He got two out of three right. A crash renewable electricity
      initiative would provide an immediate boost to our economy and could
      slow climate change, since electricity accounts for about a third of
      our overall greenhouse gas emissions.

      But it would do little to enhance our national security.

      Oil generates only 3 percent of our electricity. Therefore a 100
      percent renewable electricity system does little to reduce our oil
      dependency -- unless that electricity is used to substitute for oil
      in our transportation system.

      Al Gore knows this. In other venues he has mentioned electrified
      vehicles. But he needs to make electrifying our transportation the
      central element in his 10-year plan, for at least two reasons.

      One is that it is an initiative that would prove far more compelling
      to the vast majority of Americans. Climate change is abstract, and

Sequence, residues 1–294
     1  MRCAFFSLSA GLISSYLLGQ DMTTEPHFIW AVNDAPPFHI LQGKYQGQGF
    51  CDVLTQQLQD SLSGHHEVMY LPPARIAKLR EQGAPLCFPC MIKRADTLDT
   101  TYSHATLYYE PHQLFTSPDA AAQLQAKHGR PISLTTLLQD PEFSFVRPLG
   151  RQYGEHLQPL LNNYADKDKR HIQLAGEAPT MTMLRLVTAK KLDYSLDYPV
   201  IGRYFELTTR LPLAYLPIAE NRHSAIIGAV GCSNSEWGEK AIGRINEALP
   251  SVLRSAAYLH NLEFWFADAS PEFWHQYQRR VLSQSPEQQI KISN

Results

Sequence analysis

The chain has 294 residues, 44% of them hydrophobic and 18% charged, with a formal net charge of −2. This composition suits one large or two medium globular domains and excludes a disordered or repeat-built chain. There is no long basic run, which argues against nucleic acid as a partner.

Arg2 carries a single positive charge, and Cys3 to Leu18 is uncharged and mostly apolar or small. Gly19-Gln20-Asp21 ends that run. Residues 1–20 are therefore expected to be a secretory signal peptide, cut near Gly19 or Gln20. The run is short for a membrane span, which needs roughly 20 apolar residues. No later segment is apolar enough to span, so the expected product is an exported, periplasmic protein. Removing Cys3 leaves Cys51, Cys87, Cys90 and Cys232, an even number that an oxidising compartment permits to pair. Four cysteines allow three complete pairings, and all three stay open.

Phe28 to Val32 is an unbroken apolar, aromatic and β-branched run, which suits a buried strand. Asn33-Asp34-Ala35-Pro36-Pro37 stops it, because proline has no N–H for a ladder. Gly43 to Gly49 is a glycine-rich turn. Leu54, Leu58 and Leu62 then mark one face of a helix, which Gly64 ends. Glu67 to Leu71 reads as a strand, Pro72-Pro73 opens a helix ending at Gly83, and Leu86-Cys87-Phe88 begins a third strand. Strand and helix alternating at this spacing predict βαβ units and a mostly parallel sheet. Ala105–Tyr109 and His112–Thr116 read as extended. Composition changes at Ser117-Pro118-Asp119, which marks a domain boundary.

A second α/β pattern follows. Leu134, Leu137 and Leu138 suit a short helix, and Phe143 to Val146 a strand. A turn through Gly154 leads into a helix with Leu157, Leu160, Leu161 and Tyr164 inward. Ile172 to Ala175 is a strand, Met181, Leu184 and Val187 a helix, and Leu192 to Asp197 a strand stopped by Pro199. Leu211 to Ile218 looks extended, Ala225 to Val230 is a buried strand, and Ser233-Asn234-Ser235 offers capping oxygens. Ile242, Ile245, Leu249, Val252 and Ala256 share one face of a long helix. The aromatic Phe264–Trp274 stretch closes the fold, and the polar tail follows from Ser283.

the strategies to resolve it are remote. Our relationship to our
      vehicles, on the other hand, is both concrete and visceral. We
      desperately want to get off oil, especially when gasoline prices rise
      to $4 per gallon.

      But it is more than a pocketbook issue for many of us; it is a moral
      issue. Americans hate being dependent for our mobility, and therefore
      for our livelihoods, on countries often hostile to our way of life.
      Electric cars promise to end that dependency.

      And as a bonus, with rooftop solar cells, we can become independent
      not only from OPEC but from remote and often unresponsive utility
      companies. We can become energy producers as well as energy consumers.

      And then there is the plain fact that once significant numbers of
      electric vehicles are on the roads, word of mouth will be a powerful
      marketing tool. The reason? As Marc Geller, a longtime advocate of
      electric vehicles, told me a year ago as we were traveling up Route 1
      in Northern California in his all-electric small SUV, "Anyone who
      drives an electric car falls in love with an electric car." That love
      affair will be aided and abetted by a population eager to embrace a
      homegrown fuel and vehicles that offer quicker propulsion, a quiet